Hey Apple, why no trailers Monday? (The sizzle reel doesn’t count)

I left the Steve Jobs Theater disappointed. I wasn’t the only one.

From The Hollywood Reporter: Here Are the TV Series That Took Center Stage at Apple’s Event:

Series from Aniston and Witherspoon (The Morning Show), Steven Spielberg (Amazing Stories), Abrams and Sara Bareilles (Little Voice), Kumal Nanjiani (Little America) and Steven Knight (Jason Momoa and Alfre Woodard starrer See) and potential content from the Sesame Workshop and Winfrey (the latter pair each have content deals) were the centerpiece of Apple’s original video presentation. There were no trailers shown during the presentation, only a sizzle reel that included scenes from series like the Hailee Steinfeld entry Dickinson, The Morning Show and more. (Watch the sizzle reel, below.)

Cue the video:

My take: The best spin I came up with on the long flight home Tuesday was that the purpose of Monday’s event was to pitch the new streaming platform to Hollywood creatives, not to blow them away with the stuff already in the can.

More likely the stuff wasn’t ready. Or wasn’t good enough.


  1. Ralph McDarmont said:
    Re: “More likely the stuff wasn’t ready. Or wasn’t good enough.”

    I expect the stuff to be excellent, but maybe not ready for hypercritical eyes, yet. No need to feed the haters while final touches are made. A lot of entertainment heavyweights have signed on and I do not believe they would do so if they did not believe in Apple’s vision. They don’t need the money nor the risk from a half-baked idea. PS flying coast to coast is quite an investment in time and soul. Thanks for making the trip for us.

    March 27, 2019
  2. Fred Stein said:
    The best explanation may be that the title, “Showtime”, was a head fake.

    Apple does not need, nor intend, to compete with content providers. Apple’s ‘show’ is about expanding their platforms to vast array of content providers, from game developers to print media (people still buy papers and magazines), video (short form, documentaries, big budget movies), and more.. That’s one hecka circus under a big tent.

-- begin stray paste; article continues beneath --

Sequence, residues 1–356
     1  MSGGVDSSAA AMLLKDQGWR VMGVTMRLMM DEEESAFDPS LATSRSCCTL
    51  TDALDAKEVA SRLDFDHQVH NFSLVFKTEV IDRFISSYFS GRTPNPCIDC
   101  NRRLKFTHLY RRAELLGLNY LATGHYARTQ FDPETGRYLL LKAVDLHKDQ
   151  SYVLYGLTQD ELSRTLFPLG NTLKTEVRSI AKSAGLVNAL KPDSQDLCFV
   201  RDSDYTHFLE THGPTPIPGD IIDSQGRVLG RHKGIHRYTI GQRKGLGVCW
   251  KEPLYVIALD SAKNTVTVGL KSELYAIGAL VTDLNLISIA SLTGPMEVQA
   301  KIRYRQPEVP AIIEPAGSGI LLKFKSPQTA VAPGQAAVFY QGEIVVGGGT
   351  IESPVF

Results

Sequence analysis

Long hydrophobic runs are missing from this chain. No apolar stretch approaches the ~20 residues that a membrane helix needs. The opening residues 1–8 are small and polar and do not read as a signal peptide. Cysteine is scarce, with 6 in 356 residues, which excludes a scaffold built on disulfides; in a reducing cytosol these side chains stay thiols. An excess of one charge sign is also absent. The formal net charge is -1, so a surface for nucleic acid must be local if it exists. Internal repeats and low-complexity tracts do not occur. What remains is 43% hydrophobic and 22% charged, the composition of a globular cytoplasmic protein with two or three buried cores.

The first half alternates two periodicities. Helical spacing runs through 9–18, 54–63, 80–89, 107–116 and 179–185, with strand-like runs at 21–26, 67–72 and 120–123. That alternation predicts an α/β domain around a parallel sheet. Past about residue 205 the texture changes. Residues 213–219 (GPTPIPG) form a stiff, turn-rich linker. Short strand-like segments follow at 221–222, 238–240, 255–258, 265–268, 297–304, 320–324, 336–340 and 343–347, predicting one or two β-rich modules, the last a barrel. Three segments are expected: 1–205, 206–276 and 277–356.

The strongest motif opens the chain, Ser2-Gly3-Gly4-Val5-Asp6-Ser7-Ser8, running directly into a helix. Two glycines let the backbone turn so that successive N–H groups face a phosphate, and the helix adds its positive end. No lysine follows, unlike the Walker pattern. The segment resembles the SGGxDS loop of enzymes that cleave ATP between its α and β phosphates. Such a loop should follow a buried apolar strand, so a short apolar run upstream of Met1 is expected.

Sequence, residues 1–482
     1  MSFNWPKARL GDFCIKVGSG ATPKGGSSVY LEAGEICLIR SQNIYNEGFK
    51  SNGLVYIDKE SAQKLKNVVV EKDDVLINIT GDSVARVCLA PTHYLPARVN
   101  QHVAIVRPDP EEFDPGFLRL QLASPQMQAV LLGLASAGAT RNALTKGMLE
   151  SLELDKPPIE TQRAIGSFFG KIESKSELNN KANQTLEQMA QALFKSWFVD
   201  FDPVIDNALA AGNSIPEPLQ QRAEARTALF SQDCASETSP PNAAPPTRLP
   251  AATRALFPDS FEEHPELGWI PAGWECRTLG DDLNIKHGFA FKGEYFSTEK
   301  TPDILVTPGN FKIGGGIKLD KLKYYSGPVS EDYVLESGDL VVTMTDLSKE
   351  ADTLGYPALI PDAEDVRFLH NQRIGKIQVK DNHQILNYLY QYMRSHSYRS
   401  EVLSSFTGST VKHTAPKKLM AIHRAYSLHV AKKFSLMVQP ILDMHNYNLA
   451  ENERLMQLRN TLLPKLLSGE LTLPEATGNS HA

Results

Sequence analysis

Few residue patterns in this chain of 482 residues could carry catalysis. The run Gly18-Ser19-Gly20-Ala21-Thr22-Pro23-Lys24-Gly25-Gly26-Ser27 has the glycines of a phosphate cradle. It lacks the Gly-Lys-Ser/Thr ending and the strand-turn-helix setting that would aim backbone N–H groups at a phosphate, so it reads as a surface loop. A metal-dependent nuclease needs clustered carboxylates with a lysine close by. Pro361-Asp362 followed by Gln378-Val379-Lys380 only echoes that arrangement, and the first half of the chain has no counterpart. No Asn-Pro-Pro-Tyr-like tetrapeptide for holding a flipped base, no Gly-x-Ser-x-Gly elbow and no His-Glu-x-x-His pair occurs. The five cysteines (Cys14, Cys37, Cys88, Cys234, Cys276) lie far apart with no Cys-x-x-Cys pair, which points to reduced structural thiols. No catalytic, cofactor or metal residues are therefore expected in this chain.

There is one more item, that nearly no one mentioned: Apple announced support for their AI for developers – on device, totally private, totally secure. Apple has invested heavily in the A12, and the software layers above it. All the other AI platforms rely on vast amount of cloud data (who owns this? who secures it? who can sell it to potentially nefarious 3rd parties?). I don’t know any other on-device AI platform.

    Was Apple Card just a walk on? Not really. First, financial services a multi-$T business, is burdened with overhead, useless physical assets like buildings and paper, and much needed but clumsy regulation. Second, Apple Card dramatically increases revenue per existing customer and expands into new customers, especially younger. With Apple’s recent acquisition of Stamplay, Apple’s payment services may play other roles in services. But that’s for the future and fun imagination.

    March 27, 2019
  3. John Konopka said:
    Tim said they did 10 billion Apple Pay transactions (last year?). I believe Apple gets about 0.15% of each transaction. What’s an average transaction? $50? $10? $100?

    If it’s $100 that’s 1.5B for Apple. Not huge, but room to grow.

    March 27, 2019
    • Jerry W Doyle said:
      John, I wish it were 0.15%. We all would be in “hog heaven!” -:)

      March 27, 2019

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